Our community is blessed with an extraordinary arts center, that never fails to amaze and inspire with its extraordinary works. A recent visit to their web site presented a thoughtful and informed letter to all of us, from Executive Director Scott Whisler.
I’m excited about the future of the Mountain View Center for the Performing Arts, mostly because of our past. We’ve brought new music, new art, new theatre, and new ideas to Castro Street with astounding regularity since the Center’s dedication in January 1991, and there’s no end in sight!
I don’t think anyone fully realized what was started back in the late 1980’s when the City of Mountain View decided to dedicate part of its new Civic Center Complex to the arts. (I still have architect’s drawings in my office that refer to the “Mountain View Community Theater.”) But those visionaries knew that however it evolved, a public theater space would be important to the economic and cultural well-being of the newly redeveloped Downtown as well as to the surrounding community and region. So, with the support of the citizens of Mountain View, city leaders took their chances, and went ahead and built a beautiful facility for the arts.
Guess what? Those forward-thinking civic leaders got it right!
Their experiment in community arts is now the vibrant heart of downtown Mountain View, home of world-class theatre, dance, and music along with visual arts displays, lectures, and corporate events. Over 170,000 people annually flock downtown to see those shows, stopping in shops and restaurants on the way.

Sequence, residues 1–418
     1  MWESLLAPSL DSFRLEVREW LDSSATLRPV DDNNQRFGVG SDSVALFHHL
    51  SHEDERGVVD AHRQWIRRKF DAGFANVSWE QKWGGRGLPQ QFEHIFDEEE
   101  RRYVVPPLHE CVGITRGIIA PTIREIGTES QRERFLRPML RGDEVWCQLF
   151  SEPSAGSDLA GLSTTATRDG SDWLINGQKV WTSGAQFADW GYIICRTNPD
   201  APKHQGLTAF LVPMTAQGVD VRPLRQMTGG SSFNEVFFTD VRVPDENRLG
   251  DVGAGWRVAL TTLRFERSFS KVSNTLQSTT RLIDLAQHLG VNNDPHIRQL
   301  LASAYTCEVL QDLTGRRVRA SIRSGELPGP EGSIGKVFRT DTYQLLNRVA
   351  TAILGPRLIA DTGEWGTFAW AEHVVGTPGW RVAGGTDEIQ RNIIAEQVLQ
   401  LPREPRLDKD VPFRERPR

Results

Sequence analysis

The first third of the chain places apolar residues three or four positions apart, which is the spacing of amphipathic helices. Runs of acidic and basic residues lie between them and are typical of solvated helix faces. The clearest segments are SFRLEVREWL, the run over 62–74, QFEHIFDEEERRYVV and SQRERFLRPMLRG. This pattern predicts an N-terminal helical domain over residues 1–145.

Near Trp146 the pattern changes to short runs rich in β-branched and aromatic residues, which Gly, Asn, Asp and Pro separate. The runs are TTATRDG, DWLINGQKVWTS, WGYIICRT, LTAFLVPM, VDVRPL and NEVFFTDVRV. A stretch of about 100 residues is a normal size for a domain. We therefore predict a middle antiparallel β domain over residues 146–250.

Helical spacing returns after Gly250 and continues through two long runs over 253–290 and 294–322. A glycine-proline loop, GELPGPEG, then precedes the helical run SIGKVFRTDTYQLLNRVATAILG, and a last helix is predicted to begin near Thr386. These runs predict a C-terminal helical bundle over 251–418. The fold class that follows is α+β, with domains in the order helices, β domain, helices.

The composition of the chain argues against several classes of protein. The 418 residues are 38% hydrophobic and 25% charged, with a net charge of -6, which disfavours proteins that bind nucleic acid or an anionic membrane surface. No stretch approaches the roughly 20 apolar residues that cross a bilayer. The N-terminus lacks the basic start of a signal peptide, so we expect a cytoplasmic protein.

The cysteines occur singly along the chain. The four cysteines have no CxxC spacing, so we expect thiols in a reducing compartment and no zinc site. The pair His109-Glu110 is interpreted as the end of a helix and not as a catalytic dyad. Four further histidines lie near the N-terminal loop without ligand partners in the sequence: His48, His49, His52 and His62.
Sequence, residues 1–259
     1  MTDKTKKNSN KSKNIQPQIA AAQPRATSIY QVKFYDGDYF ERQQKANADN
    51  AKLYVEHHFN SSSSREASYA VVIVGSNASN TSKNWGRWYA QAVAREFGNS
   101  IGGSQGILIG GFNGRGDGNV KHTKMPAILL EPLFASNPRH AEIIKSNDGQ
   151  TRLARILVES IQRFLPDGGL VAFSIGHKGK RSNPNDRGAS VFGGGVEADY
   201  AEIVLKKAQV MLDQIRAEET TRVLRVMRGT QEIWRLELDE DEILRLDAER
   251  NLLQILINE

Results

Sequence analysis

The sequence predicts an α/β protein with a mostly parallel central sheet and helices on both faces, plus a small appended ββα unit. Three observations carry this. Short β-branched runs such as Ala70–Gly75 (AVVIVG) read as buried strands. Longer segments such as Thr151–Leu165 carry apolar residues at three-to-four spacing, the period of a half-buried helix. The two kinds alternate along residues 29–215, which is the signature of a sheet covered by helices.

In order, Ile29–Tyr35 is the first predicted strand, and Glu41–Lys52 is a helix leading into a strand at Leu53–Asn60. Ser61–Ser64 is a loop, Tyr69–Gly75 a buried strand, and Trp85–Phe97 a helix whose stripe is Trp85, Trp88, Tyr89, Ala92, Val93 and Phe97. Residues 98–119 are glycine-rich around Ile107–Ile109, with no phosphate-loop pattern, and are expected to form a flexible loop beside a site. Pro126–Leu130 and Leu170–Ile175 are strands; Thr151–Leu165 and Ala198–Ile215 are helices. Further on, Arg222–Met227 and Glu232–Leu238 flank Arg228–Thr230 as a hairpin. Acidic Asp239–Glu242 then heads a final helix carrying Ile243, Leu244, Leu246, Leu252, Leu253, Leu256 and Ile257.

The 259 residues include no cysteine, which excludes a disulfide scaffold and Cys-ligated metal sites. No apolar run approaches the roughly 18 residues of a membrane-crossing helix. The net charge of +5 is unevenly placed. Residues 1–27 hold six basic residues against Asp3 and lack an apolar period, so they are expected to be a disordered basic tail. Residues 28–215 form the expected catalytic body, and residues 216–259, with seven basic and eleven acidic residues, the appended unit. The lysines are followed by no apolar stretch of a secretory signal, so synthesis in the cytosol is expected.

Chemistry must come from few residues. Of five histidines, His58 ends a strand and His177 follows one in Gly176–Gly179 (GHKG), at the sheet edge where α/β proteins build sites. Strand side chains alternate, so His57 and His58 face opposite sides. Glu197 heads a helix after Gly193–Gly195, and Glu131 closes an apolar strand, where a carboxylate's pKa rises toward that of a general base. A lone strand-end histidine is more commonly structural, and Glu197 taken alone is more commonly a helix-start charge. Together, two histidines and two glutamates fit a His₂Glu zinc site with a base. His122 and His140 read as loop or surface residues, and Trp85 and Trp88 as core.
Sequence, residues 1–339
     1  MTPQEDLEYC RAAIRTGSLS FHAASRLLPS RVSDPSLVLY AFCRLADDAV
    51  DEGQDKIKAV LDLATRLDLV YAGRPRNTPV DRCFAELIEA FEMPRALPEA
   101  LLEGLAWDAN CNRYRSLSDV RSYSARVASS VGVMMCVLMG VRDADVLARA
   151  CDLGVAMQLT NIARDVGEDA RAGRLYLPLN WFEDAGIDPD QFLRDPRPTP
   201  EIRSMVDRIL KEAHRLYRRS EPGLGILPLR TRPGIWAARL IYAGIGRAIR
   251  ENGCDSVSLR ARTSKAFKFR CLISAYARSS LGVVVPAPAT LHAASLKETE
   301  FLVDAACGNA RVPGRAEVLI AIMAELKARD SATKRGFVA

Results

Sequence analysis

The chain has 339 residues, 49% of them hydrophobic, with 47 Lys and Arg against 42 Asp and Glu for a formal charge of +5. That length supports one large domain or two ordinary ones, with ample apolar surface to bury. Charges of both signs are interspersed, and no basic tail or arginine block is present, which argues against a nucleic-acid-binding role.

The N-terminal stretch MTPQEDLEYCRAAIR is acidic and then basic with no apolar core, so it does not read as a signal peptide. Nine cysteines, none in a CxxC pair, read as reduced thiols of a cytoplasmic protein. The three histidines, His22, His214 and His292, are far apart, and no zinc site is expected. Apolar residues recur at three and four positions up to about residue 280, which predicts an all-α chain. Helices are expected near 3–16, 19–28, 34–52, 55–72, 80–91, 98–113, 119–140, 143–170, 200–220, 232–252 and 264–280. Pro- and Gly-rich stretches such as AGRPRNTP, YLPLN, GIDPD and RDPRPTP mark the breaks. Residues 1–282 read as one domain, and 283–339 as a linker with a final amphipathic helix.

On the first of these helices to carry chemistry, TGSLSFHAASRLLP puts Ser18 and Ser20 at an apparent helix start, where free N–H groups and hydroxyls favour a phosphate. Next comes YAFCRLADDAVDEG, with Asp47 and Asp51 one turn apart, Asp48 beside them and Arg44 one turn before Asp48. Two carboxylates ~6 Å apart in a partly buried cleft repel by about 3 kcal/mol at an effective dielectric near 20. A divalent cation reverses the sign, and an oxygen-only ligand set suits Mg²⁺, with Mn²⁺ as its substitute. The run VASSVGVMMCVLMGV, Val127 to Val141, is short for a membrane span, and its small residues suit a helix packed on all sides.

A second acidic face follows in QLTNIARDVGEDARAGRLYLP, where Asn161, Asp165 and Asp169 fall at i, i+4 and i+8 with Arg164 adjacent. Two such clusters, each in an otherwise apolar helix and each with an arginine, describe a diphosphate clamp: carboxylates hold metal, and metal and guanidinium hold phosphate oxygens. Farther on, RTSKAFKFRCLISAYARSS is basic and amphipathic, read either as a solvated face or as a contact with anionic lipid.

Audiences at the Center have seen performances by Joel Gray, Paula Poundstone, Audra MacDonald, Della Reese, Dizzy Gillespie and the Duke Ellington Orchestra. They’ve met Robert Redford, Al Gore, primatologist Jane Goodall, radio host Michael Krasny, business giants Jack Welch and Guy Kawasaki, and sports legend Bill Walsh. They’ve listened to lectures by writers Peter Matthiesen, Robert Hass, Terry Tempest Williams, photographer Galen Rowell and many more. World-class performances by TheatreWorks, Smuin Ballet, Bella Lewitzky Dance and Pilobolus, and many internationally-known flamenco artists as well as regional favorites like Lamplighters Music Theatre, The Pickle Family Circus, The Nuclear Whales and Schola Cantorum have entertained millions of Center patrons.
But it doesn’t stop there. Mountain View Center for the Performing Arts isn’t just a place to watch other people, it’s a place to create art yourself. Whether it be singing in community choruses, playing in small ensembles and symphonies, or dancing with ballet schools and folkloric groups, every season sees numerous shows by local artists contributing to the community in their own way.
An entire generation of performers has learned to act, sing, dance, and play for an audience on the Center’s three stages, thanks to the work of local schools and organizations like Peninsula Youth Theatre, Pacific Ballet, Western Ballet, Oriki Theatre, and Quadre–the Voice of Four Horns. These groups’ work will live on in those young performers’ hearts, whether their art becomes a career or an avocation. Who knows how many careers in the arts have been launched by these companies, or by TheatreWorks’ New Works and Young Playwrights Initiatives? Tony Award-winning Broadway musical Memphis, first performed here at the Center, is the most visible success of those programs, but it isn’t alone, and I’m sure it won’t be the last.
What will the future years bring? I’m pleased to say, much more of the same! More new plays! More new music! More new ideas! And more young artists sharing, growing and creating the art that will keep Mountain View vibrant and alive!
by W. Scott Whisler Executive Director